I’ve read and liked most of David Hartewell’s Year’s Best SF (which is no longer published) but reviewed few of them.
Here’s one. A retro review from July 28, 2003 …
Review: Year’s Best SF, ed. David G. Hartwell, 1998.
The one piece of dross comes from an unexpected source: William Gibson and his story “Thirteen Views of a Cardboard City“. It’s a minute, camera-eye examination of a cardboard structure in a Tokyo subway and obviously inspired by J.G. Ballard’s work. I detected no point to the series of descriptions, or, indeed, anything of a fantastical or science fictional nature.
Nancy Kress’ “Always True to Thee, in My Fashion” gives us a witty satire with a world where the seasonal variations of fashion cover not only clothes but also your pharmaceutically modulated attitudes.. The caged dinosaur of Gene Wolfe’s “Petting Zoo” represents not only the lost childhood of the story’s protagonist but a vitality lost from the race of man. Tom Cool gives us “Universal Emulators” with its future of economic hypercompetition that has created a black market for those who impersonate, in every way, the few employed professionals. In effect, the emulators grant them an extra set of hands. Its plot and characters would have done Roger Zelazny proud.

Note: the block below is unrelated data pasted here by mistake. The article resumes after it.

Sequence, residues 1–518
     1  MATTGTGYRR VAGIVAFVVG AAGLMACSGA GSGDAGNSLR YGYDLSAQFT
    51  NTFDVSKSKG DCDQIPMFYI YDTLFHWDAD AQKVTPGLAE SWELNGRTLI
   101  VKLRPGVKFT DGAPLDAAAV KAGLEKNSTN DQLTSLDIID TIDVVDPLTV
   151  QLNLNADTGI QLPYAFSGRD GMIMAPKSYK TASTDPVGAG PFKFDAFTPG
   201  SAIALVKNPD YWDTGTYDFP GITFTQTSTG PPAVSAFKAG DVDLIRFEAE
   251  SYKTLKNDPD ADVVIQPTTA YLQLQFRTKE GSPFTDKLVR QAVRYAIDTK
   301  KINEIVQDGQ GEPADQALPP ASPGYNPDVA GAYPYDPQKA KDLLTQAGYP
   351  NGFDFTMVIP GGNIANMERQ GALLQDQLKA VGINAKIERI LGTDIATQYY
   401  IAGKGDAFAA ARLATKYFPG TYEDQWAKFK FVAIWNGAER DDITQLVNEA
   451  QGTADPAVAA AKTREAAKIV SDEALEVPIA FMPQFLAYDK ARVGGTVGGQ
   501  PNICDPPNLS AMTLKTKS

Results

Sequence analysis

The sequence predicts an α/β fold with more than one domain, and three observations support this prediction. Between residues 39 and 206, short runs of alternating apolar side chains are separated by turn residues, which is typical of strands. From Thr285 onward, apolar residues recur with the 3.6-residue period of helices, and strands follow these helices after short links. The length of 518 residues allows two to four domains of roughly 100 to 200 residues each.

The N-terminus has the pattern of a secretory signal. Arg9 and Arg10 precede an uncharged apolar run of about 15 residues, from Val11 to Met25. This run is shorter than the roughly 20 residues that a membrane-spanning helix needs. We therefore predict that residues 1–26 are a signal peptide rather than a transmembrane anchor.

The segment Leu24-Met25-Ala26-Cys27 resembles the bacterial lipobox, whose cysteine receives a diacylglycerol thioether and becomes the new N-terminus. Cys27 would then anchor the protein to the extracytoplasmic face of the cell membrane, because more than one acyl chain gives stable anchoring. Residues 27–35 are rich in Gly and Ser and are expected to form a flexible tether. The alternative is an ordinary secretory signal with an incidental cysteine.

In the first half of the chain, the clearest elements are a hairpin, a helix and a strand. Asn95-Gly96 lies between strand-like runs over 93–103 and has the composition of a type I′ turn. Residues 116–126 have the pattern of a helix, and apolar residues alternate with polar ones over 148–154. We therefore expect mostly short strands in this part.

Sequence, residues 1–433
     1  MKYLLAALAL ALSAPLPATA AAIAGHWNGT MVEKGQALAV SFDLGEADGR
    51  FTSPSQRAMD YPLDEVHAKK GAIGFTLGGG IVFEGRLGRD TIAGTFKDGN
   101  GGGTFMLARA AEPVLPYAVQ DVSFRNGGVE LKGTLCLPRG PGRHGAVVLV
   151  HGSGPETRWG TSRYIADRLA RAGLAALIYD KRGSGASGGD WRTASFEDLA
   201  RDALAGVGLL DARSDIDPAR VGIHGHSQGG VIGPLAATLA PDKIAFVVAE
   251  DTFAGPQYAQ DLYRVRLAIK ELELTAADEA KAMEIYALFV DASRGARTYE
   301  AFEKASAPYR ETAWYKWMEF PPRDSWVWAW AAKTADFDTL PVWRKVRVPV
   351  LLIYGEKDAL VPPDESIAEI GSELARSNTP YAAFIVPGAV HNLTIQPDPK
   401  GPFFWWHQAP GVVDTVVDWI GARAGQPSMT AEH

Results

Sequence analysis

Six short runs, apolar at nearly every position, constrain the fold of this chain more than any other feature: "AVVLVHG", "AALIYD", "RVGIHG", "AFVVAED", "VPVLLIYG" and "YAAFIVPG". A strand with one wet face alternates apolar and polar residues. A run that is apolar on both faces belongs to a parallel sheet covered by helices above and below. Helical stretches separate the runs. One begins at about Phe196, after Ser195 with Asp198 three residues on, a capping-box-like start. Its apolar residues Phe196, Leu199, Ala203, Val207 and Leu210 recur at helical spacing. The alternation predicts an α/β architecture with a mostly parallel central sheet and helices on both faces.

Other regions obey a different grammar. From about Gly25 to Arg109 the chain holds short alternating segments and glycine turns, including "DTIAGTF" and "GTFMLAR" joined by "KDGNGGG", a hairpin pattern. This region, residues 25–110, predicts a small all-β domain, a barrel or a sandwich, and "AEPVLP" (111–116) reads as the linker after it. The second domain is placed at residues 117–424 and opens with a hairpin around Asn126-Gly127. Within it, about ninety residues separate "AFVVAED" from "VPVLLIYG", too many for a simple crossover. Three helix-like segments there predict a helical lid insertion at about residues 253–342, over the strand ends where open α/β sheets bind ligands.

The voice of past science fiction writers echoes through many of the anthology’s best stories. Jack London’s The Sea Wolf provides the inspiration for Michael Swanwick’s “The Wisdom of Old Earth“. Its heroine realizes, despite whatever dangers she overcomes guiding posthumans through the Pennsylvania’s jungles, she will never bootstrap herself into being their equal. H.G. Wells looms over Robert Silverberg’s “Beauty in the Night“. Its child hero undertakes the first successful assassination of the brutal aliens that have occupied Earth, but his reasons have more to do with his oppressive father rather than the aliens’ behavior. John C. Wright’s “Guest Law” is a welcome return to the flashy decadence of Cordwainer Smith’s fiction. Its hero, a slave-engineer, watches in disgust as his aristocratic overlords corrupt the customary requirements of hospitality to justify piracy in deep space. Gregory Benford’s “The Voice” responds to Ray Bradbury’s Fahrenheit 451. Here the convenience of implanted intelligent agents, hooked up to a computer network, led to literacy fading, and not a repressive regime of firemen. Benford agrees with Bradbury about literacy’s value but also undercuts him on the supremacy of writing as a means of communication. Continue reading